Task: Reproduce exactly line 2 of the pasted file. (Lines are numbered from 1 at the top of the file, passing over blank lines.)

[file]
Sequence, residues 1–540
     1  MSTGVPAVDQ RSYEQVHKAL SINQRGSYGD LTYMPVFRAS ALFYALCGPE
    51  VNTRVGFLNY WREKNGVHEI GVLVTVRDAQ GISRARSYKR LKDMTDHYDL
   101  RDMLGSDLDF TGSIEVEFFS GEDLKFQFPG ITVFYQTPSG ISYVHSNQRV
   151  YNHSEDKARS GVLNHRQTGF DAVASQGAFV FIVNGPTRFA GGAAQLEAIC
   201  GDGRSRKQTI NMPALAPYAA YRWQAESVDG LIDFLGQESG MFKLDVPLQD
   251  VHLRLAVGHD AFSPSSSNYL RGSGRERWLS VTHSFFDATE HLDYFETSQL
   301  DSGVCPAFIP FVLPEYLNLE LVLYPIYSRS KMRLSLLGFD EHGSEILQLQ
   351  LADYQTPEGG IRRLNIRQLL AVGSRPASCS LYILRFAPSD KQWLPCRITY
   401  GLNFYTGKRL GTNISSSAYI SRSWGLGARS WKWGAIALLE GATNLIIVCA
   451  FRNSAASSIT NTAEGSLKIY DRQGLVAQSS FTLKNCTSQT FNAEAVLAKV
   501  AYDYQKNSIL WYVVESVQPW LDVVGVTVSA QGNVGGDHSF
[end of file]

     1  MSTGVPAVDQ RSYEQVHKAL SINQRGSYGD LTYMPVFRAS ALFYALCGPE